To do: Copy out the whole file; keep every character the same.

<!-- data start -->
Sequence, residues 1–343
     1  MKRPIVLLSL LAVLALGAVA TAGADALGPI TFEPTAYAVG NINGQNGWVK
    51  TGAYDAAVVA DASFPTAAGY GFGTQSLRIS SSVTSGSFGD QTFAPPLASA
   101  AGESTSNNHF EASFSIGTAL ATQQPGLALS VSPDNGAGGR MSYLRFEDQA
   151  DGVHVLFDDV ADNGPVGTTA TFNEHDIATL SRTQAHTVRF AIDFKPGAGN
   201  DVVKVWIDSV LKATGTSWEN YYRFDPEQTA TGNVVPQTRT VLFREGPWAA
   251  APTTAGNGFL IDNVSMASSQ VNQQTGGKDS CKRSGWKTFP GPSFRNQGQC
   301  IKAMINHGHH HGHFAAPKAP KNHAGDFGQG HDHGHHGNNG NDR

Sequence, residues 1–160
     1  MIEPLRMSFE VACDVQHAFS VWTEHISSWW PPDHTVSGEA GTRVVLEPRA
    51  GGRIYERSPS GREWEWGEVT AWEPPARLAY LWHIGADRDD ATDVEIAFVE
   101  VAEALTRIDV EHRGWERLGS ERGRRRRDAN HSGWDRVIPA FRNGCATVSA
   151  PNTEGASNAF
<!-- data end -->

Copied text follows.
Sequence, residues 1–343
     1  MKRPIVLLSL LAVLALGAVA TAGADALGPI TFEPTAYAVG NINGQNGWVK
    51  TGAYDAAVVA DASFPTAAGY GFGTQSLRIS SSVTSGSFGD QTFAPPLASA
   101  AGESTSNNHF EASFSIGTAL ATQQPGLALS VSPDNGAGGR MSYLRFEDQA
   151  DGVHVLFDDV ADNGPVGTTA TFNEHDIATL SRTQAHTVRF AIDFKPGAGN
   201  DVVKVWIDSV LKATGTSWEN YYRFDPEQTA TGNVVPQTRT VLFREGPWAA
   251  APTTAGNGFL IDNVSMASSQ VNQQTGGKDS CKRSGWKTFP GPSFRNQGQC
   301  IKAMINHGHH HGHFAAPKAP KNHAGDFGQG HDHGHHGNNG NDR

Sequence, residues 1–160
     1  MIEPLRMSFE VACDVQHAFS VWTEHISSWW PPDHTVSGEA GTRVVLEPRA
    51  GGRIYERSPS GREWEWGEVT AWEPPARLAY LWHIGADRDD ATDVEIAFVE
   101  VAEALTRIDV EHRGWERLGS ERGRRRRDAN HSGWDRVIPA FRNGCATVSA
   151  PNTEGASNAF